Future of MedTech Health Reform

My Health Record Data for ´Research and Public Health Purposes´

PulseLine is pleased to report last week the Federal government announced that Australians who don’t want a personal electronic health record will have three months from July 16 to October 15 to opt-out of the national scheme. Under the framework, medical information would be made available to third parties for public health and research purposes from 2020 unless individuals opted out.

The Medical Technology Association of Australia (MTAA) welcomes the release of the framework to guide the secondary use of My Health Record system data. The guiding principles within the framework align with MTAA´s position to allow third parties access the data for public health and research purposes.

To inform on how data on the My Health Record system can be used for research and public health purposes while preserving privacy and security of data in the system, the Australian government developed the framework in consultation with key stakeholders.

Minister for Health, Greg Hunt, said My Health Records “provides many benefits to patients, including reduced duplication of tests, better co-ordination of care for people with chronic and complex conditions, and better-informed treatment decisions”.

“I would encourage each and every Australian to use their My Health Record and to speak with their healthcare providers regarding these benefits,” he said.

The Australian Medical Association President, Dr Michael Gannon, said the current system meant many patient records were incomplete especially if the patient has seen another specialist or has been discharged from a hospital.

“The My Health Record now provides patient medications, referrals, shared health summaries, pathology and diagnostic imaging reports and, increasingly, hospital discharge summaries”, Dr Gannon said.

Consumer Health Forum CEO Leanne Wells welcomed the government´s announcement.

“The clinical benefits of My Health Record for patients are significant and compelling: hospital admissions avoided, fewer adverse drug events, and better-informed treatment decisions. For too long, healthcare has lagged behind in exploiting the clear benefits of information technology,” Ms Wells said.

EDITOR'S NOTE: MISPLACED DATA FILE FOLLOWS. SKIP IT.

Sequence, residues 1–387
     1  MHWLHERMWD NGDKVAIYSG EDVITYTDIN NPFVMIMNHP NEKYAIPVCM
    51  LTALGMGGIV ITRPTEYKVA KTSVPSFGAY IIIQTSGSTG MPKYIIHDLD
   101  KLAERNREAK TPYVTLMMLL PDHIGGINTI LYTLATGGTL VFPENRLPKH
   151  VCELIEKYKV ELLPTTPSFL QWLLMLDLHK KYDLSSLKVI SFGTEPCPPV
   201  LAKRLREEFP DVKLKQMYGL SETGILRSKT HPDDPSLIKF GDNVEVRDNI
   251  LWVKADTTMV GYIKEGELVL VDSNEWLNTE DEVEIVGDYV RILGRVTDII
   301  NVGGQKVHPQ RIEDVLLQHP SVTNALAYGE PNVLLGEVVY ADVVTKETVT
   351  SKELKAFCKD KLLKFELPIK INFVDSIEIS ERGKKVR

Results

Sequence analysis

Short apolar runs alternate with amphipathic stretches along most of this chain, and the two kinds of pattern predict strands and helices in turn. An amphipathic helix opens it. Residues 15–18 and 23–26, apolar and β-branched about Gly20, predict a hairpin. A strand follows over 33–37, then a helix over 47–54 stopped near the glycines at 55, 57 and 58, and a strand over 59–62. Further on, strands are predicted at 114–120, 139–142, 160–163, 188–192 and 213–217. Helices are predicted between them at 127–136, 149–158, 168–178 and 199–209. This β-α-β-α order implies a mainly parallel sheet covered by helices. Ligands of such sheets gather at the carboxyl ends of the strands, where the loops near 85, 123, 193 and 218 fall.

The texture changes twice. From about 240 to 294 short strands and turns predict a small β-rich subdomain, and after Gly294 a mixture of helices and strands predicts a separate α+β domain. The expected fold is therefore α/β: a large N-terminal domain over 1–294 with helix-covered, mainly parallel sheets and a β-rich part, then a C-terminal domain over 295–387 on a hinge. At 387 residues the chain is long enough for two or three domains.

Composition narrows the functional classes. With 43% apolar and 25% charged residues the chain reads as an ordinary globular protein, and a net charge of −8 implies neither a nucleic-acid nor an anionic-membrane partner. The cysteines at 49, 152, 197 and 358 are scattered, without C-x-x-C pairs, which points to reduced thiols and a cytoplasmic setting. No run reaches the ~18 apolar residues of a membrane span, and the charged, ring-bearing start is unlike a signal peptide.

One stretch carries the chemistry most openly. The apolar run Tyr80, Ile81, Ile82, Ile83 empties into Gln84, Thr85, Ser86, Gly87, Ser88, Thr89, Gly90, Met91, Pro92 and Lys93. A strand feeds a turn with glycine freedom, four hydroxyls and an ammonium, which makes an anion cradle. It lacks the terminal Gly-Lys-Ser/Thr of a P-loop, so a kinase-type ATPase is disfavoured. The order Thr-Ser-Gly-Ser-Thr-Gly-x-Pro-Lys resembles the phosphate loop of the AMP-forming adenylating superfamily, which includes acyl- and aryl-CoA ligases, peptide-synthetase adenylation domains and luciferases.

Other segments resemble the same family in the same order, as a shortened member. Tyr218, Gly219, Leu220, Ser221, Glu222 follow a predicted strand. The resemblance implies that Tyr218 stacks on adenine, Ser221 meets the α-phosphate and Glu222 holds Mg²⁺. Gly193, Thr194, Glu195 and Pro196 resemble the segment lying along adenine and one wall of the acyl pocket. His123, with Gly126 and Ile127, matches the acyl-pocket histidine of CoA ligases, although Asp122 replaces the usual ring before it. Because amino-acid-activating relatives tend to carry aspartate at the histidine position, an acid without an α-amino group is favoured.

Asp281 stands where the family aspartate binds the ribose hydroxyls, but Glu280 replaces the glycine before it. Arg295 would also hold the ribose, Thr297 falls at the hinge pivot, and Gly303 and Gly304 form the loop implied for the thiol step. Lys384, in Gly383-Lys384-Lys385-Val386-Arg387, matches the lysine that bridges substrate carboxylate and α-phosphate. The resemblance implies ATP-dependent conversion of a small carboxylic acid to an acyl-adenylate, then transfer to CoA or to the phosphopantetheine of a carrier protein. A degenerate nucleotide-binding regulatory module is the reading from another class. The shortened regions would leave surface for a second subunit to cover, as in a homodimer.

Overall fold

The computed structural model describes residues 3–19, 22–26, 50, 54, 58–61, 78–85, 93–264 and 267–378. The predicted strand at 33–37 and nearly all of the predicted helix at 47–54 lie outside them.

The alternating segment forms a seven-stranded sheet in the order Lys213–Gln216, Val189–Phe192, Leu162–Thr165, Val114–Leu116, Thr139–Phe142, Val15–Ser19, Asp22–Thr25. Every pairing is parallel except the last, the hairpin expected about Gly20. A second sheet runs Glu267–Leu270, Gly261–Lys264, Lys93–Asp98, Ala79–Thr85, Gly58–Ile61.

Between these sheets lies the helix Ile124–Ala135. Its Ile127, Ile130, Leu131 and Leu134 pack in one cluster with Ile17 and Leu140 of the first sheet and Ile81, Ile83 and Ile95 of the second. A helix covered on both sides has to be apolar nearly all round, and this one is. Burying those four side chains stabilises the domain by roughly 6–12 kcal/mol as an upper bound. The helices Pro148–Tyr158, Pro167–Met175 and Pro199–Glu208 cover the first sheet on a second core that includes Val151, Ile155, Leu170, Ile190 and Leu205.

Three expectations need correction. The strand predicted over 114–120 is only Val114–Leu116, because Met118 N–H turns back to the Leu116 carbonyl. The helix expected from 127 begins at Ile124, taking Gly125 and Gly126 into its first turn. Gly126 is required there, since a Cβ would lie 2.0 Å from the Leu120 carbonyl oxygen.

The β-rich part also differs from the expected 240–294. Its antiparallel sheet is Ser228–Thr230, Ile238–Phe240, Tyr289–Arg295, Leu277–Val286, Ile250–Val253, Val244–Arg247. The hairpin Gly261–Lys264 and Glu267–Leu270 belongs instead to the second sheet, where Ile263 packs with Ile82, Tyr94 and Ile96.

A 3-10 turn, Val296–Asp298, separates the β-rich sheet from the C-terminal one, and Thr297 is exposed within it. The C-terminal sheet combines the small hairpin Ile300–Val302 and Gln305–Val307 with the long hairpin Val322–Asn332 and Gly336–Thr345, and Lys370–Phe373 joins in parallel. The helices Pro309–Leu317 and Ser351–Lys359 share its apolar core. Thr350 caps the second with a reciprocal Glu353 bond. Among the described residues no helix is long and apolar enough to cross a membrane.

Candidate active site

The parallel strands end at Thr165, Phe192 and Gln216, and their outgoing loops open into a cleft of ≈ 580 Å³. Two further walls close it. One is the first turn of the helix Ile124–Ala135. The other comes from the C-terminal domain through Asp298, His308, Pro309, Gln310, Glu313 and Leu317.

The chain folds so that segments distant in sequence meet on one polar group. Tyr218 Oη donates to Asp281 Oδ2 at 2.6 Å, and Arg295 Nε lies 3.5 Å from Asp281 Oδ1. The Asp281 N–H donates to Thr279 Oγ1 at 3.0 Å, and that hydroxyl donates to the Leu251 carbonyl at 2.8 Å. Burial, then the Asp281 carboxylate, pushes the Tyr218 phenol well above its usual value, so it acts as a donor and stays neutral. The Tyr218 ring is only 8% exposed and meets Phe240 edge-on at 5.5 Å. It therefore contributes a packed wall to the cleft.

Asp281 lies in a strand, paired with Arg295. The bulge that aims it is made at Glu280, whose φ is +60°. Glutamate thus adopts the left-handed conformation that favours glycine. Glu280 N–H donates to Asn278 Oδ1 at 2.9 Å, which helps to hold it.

However, issues and concerns would remain to be addressed, especially enforcing law protecting security and privacy.

Australian Digital Health Agency CEO Tim Kelsey says, “Strict privacy control, set by an individual, is a central feature of My Health Record. Each person can control the information in his or her My Health Record, and the healthcare provider organisations that can have access.”

Ultimately, patients will be the biggest beneficiaries of this framework development.

Now under the framework, My Health Record system data may be linked to other datasets, such as the Pharmaceutical Benefits Scheme (PBS) or the Medicare Benefits Scheme (MBS). This is a great opportunity for the medical device sector.

Ian Burgess, CEO of MTAA said: “The development of My Health Record will provide a tremendous opportunity to improve data collection across the whole health system and across the patient journey. We believe the government should prioritise consideration of the inclusion of medical device data in the My Health Record,”

“This would allow for improved post-market surveillance. While registries can be invaluable they’re complex and expensive. Ultimately, My Health Record should be the main data infrastructure system, rather than maintaining separate data collection systems,” Mr Burgess said.

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